We recently faced the need to let partner companies insert data into our customers’ databases, so we had to design and implement an API that lets these authorized users do just that.
Given that our application is built on top of Symfony, the easiest solution would have been to add a controller to receive the data, validate it, insert it into the designated shards, and finally return the result to the client. Unfortunately, this solution would force the server to execute the task in real time even during traffic peaks, and this would become a problem because the task could require a significant amount of time as it could involve many customers, and the request could time out. It would also force us to integrate another authentication system into the existing application.
To avoid these problems we chose to decouple the service from the main application using API Gateway. This AWS product lets you create API methods using configuration only, even the authentication is completely managed with Cognito.
To fully decouple the systems we chose to have all the communications between the API and the main application pass through SQS. The messages will be processed by the existing consumer machines so the web servers’ load would not be affected in any way. In a way, we can see this API as a way to accept jobs from authorized partners. Being this its only function, the API will just expose a method to submit a new job and another to check the result by polling. We decided to not implement a webhook system for this first stage, for an easier integration process.
API Gateway is capable of performing input data validation: you only need to create a json schema model and bind it to the method. After validation, the request is forwarded to a lambda function that performs additional and more complex validations including unique constraints related to our domain, and then sends the data to the SQS queue. The system also keeps a list of the jobs with their status in a Dynamo table, with the job ID returned to the client.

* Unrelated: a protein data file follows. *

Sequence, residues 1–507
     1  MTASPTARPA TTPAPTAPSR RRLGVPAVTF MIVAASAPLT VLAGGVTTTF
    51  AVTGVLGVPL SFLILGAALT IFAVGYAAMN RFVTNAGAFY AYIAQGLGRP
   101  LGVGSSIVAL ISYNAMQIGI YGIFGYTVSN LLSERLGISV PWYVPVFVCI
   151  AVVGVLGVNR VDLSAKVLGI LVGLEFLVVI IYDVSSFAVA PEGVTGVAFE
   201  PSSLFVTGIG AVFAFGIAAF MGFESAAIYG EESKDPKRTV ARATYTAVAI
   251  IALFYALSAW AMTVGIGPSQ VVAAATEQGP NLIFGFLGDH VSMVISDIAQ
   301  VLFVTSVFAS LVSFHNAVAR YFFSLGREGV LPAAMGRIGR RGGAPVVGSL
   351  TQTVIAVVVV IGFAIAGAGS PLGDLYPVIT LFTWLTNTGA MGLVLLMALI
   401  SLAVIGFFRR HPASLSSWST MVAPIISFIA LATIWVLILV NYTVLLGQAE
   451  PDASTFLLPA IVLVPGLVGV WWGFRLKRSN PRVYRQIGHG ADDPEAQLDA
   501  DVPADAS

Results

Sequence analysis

The consumer servers receive the messages containing the job input, they execute them and then send another message containing the job result to a response queue. These messages then invoke another lambda function that updates the job status in the Dynamo table. The second API endpoint that allows you to check the job result will just fetch that value from the Dynamo table by using the provided job ID.
In our case, the data can contain file attachments that can easily exceed the SQS message size limit (currently set at 256KB). For this reason, these files are saved on S3 by the lambda function and the message will contain only a reference to them.
The main application will only contain the code to insert the data into the customers databases. We just added the “
symfony/amazon-sqs-messenger” component as a dependency, configured the queues and implemented an handler class that receives the already deserialized message, invokes the data insertion routine and sends the results to the message bus.
The overall architecture is represented in the following diagram:
One big upside of this solution is the virtually unlimited scalability granted by the totally serverless approach. It’s also easy to deploy multiple copies of the entire infrastructure in just seconds by using tools like CDK to run tests, provide test environments to the partners or to perform blue green deployments.